Press Freedom Index: Ghana goes down 30 places, lowest in 17 years.


Ghana has slipped 30 places in Reporters Without Borders’ most recent press freedom index rankings.

The research follows recent accusations that the Ghanaian government has been cracking down on the opposition, as well as claims of a rise in press freedom breaches.

Kwabena Bobbie Ansahm, an Accra FM presenter, was arrested on a charge of “publication of false news and offensive conduct” on February 10, 2022, after posting a video on social media claiming the First Lady, Rebecca Akufo-Addo, had allegedly obtained state land to build the headquarters for a foundation.

According to the police investigation, this assertion was false.

Onua TV’s Godsbrain Smart was also detained for extortion, however others have speculated that it has something to do with his harsh critiques of the administration.

Ghana was ranked 60th on the index, which monitors 180 nations, in a study released to honor International Press Freedom Day.

This is the country’s lowest ranking in the last 17 years, since it was ranked 66th in 2005.

With a score of 78.67, Ghana was ranked 30th out of 180 nations in 2021.

The country was placed 10th on the African continent, behind a number of African countries, including Burkina Faso, which was ranked 6th.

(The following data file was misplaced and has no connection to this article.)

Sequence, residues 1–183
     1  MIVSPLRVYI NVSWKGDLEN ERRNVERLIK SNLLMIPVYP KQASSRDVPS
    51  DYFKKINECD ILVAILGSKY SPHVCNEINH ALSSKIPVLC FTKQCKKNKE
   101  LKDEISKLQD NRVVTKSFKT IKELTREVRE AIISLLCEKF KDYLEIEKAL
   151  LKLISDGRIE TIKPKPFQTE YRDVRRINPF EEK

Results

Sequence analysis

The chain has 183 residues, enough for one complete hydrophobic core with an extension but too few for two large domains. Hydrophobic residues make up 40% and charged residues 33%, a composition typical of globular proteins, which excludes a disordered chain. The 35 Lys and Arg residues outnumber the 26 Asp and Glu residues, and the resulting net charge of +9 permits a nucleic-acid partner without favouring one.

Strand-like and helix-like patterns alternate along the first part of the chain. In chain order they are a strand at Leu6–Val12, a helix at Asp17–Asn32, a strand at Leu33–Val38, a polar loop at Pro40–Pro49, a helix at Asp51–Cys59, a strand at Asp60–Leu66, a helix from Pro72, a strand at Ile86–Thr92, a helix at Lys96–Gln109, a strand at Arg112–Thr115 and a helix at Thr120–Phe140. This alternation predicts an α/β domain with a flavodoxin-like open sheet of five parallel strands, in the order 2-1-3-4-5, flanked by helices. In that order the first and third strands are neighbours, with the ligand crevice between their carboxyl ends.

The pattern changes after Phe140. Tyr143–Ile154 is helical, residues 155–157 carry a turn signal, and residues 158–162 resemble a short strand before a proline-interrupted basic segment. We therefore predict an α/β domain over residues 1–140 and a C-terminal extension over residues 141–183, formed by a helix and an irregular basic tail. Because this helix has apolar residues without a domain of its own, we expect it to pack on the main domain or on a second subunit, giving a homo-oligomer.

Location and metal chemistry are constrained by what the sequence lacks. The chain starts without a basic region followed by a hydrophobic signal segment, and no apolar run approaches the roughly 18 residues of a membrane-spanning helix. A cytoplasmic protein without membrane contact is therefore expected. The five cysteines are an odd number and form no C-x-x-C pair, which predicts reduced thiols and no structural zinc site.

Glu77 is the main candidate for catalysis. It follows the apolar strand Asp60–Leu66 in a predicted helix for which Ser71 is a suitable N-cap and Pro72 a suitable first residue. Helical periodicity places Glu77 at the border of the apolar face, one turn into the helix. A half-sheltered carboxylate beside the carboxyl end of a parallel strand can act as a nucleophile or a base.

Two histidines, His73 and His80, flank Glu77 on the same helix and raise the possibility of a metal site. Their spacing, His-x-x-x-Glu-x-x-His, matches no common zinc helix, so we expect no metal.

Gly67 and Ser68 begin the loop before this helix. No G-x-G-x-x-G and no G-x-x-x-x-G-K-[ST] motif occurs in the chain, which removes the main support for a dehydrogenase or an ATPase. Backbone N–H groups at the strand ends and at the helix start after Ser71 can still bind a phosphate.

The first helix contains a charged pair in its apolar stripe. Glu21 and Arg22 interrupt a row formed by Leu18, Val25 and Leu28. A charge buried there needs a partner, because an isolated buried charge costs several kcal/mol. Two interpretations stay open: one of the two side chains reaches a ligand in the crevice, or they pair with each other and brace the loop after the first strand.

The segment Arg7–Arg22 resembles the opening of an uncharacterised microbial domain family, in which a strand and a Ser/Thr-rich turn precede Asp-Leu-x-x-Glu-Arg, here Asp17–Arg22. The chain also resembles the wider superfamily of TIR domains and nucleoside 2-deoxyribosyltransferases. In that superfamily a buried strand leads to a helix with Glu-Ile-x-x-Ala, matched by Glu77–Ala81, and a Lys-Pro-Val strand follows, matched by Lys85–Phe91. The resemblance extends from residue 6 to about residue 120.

Read the full report:

The report says “government has shown itself intolerant of criticism. In addition, one third of media outlets are owned by politicians or by people tied to the top political parties. The content they produce is largely partisan.”

It continued that “press freedom is guaranteed by the Constitution of 1992. Media are free to operate as they like, in accordance with the regulations of the National Media Commission. The 2019 information access law authorizes journalists to demand information of national interest.”

“However, a clause in the law allows a fee to be charged if the information requested is in a language other than English – a provision used to deny journalists’ access to the information they seek.”

Journalists in Ghana are likewise underpaid, according to the report.

The safety of journalists has deteriorated dramatically in recent years. Security officers attacked reporters covering the success of anti-Covid-19 measures in 2020.

Political leaders are also threatening investigative journalists with death. According to the research, nearly all incidences of law enforcement officials harming journalists are not investigated.

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